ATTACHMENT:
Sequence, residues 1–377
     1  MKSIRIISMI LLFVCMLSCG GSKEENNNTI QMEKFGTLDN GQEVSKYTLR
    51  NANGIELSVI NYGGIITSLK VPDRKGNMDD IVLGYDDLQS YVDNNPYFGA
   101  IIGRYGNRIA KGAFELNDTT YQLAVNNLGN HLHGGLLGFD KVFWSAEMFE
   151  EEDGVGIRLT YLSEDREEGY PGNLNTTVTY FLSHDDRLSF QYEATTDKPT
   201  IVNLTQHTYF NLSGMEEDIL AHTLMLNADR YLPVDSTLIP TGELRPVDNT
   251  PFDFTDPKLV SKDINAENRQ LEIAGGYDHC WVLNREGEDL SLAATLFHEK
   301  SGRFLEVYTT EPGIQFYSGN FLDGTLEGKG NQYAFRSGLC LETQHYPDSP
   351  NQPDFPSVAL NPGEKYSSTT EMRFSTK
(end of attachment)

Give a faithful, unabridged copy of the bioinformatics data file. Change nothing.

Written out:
Sequence, residues 1–377
     1  MKSIRIISMI LLFVCMLSCG GSKEENNNTI QMEKFGTLDN GQEVSKYTLR
    51  NANGIELSVI NYGGIITSLK VPDRKGNMDD IVLGYDDLQS YVDNNPYFGA
   101  IIGRYGNRIA KGAFELNDTT YQLAVNNLGN HLHGGLLGFD KVFWSAEMFE
   151  EEDGVGIRLT YLSEDREEGY PGNLNTTVTY FLSHDDRLSF QYEATTDKPT
   201  IVNLTQHTYF NLSGMEEDIL AHTLMLNADR YLPVDSTLIP TGELRPVDNT
   251  PFDFTDPKLV SKDINAENRQ LEIAGGYDHC WVLNREGEDL SLAATLFHEK
   301  SGRFLEVYTT EPGIQFYSGN FLDGTLEGKG NQYAFRSGLC LETQHYPDSP
   351  NQPDFPSVAL NPGEKYSSTT EMRFSTK